Jim Henderson, former pastor and co-founder of Off the Map, a ministry which helps Christians communicate with non-Christians, teams up with Matt Casper, a confirmed atheist, to visit and critique evangelical churches across America. Henderson wanted to communicate to church leaders what the unchurched perceive when they attend church, “What do first-timers see? How are they treated? What are the central messages they glean? How do they process the experiences? On what basis do they decide whether or not to return” (p. xi).
To this end, Jim hires Casper to travel the country with him giving his observations of church services from an unbeliever’s viewpoint. The concept is intriguing, if not doomed from the start. It is flawed because the Lord has already informed us that the gospel is foolish to the unbeliever (1 Corinthians 1:18-25). The church gathered is, according to Scripture, the people of God who have come together to worship, study, pray, partake of the Lord’s Supper, fellowship and then scatter to be the light of the world in their communities. But the fact is, many evangelical churches have abandoned the biblical paradigm and forged new models of the church. These churches are gearing their gatherings to attract the unbeliever and it is of utmost importance that they be aware of how unbelievers respond to their services. Jim and Casper Go to Church was written to provide this type of information.
For their research Jim takes Casper to mostly well-known megachurches scattered throughout the country. To the renown such as Saddleback, the Dream Center, Imago, Mars Hill, Mosaic, Willow Creek, Lakewood, and the Potter’s House, are added a couple of mid-sized churches and a house church. It should be observed that no conservative, Bible-centered churches were visited. Average churches in America would have around 100 attendees with 90% being less than 300, but this range of churches was not included. Nor were churches of any size visited in which the teaching of the Word was central. No congregation that understands the biblical model for the church as outlined above made the book. All churches listed, with possibly one exception, were either seeker-sensitive or emergent.
But what did Casper think of the churches he visited? Of the churches most successful at attracting “seekers” – Saddleback, Willow Creek, and Lakewood – he found their “performances as slick and professional, but contrived and soulless (pp. 4, 16-16, 18, 32, 39-40, 54). He was also quick to proclaim phoniness in such churches (pp. 43-44, 55, 67, 93, 120, 136-142). He was turned off by the “prosperity gospel” found in several places and even called Joel Osteen a “bottom-feeder” who is in it for the money (pp. 20-21, 123, 127-128, 138). Only in the smaller churches did Casper sense authenticity (e.g. p. 55). And while Casper may be right in his assessment, there is one big problem with it – he apparently does not represent the average unbeliever. Megachurches are mega because they have been successful at attracting and retaining unbelievers (hopefully bringing at least some of these to Christ). That Casper is put off by the very things that are attracting millions tells those who are interested in this book that it doesn’t offer them much in the way of advice. Follow Casper’s formula and your church may be more genuine and authentic but it will be small, and people reading these books do not want small churches.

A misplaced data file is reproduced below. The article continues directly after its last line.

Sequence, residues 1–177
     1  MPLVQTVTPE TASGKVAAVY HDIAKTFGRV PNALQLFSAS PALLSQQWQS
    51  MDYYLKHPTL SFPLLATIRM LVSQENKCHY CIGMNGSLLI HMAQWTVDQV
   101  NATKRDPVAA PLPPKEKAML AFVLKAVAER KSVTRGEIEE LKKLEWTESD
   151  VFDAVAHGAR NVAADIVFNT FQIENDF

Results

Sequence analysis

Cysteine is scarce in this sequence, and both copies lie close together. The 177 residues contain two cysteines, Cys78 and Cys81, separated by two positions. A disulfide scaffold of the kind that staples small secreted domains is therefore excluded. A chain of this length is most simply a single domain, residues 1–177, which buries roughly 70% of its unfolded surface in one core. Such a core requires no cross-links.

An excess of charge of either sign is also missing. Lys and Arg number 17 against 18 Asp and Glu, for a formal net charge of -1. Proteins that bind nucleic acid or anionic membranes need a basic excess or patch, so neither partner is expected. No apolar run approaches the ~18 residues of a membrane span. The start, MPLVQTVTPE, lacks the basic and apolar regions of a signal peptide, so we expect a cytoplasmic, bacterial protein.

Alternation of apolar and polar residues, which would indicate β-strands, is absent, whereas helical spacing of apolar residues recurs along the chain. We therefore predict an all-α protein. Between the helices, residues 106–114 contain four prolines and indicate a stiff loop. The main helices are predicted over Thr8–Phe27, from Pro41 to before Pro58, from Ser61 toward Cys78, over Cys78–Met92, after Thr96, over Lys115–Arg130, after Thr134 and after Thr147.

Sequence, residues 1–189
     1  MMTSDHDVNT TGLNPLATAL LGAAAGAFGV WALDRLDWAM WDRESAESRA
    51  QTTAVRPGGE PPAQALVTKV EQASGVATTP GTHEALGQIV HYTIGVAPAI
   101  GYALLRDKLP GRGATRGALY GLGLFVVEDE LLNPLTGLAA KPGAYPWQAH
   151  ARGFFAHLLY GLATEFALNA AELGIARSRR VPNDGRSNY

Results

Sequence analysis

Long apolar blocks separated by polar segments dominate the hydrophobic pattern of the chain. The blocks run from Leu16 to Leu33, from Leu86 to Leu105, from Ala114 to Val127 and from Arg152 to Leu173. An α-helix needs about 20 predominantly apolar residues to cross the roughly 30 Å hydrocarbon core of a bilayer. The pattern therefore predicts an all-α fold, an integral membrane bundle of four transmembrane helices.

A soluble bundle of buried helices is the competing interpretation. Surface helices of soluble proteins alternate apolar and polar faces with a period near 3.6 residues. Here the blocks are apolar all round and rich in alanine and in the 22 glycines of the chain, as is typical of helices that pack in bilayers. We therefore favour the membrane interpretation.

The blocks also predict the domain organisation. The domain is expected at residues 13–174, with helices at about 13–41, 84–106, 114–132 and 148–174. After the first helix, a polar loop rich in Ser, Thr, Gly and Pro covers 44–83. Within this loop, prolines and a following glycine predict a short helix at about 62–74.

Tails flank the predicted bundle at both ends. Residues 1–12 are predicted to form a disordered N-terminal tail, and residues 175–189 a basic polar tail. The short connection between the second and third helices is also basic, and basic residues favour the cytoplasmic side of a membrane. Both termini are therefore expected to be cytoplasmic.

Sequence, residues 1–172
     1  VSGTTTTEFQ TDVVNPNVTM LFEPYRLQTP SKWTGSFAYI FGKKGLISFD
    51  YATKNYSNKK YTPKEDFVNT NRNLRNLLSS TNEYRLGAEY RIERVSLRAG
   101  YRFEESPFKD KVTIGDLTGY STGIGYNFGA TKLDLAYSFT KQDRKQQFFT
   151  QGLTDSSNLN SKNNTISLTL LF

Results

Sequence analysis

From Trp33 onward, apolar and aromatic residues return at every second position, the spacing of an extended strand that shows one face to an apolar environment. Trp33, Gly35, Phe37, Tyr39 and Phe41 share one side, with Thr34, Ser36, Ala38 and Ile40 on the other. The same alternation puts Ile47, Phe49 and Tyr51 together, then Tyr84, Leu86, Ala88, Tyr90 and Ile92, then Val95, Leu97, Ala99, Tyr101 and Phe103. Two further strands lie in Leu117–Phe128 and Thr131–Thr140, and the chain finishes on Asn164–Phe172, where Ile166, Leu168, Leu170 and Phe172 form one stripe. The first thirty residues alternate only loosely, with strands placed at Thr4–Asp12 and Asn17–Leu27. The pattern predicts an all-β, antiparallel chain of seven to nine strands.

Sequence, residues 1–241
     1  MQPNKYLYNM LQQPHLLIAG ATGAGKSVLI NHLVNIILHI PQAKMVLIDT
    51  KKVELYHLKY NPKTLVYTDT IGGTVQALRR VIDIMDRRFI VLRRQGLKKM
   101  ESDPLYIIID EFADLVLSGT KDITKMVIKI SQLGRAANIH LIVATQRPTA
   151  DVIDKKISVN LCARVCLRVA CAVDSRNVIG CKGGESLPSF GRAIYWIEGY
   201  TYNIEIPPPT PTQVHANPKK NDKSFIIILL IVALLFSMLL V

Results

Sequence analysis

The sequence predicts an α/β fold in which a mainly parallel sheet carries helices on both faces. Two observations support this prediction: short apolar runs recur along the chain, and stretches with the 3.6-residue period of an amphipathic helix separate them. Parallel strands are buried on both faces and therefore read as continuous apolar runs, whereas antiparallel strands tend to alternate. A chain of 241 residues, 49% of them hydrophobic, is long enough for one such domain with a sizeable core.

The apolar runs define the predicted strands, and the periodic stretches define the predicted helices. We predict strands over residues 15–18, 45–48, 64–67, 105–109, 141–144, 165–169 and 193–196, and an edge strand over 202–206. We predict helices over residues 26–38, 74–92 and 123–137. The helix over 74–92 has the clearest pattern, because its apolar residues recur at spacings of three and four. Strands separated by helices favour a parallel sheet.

Casper makes some good points: the message at most churches he visited was too vague (p. 46); it seems out of place to hire non-Christian musicians to professionalize the performance (p. 56) and pour money into light shows, cameras and fog machines; and many pastors “cherry-pick” from the Bible rather than teach it in context (pp. 60, 141-142). As might be expected from an atheist, he misunderstands the whole point: he thinks the church overemphasizes the blood of Christ (p. 92), dislikes biblical teaching on the role of women in the church (p. 101), distains Christians making truth claims (pp. 110, 145, 166-167, 169), is ignorant of the teachings of Jesus even as he claims to love them (p. 154), is not interested in what Christians believe (he just wanted to know what they do) (pp. 6-7), and believes what Christians should do is make the world a better place to live, not try to save souls. Casper does leave his Christian reader with one profound question: “Is this what Jesus told you guys to do?” That is a question worth pondering with an open Bible.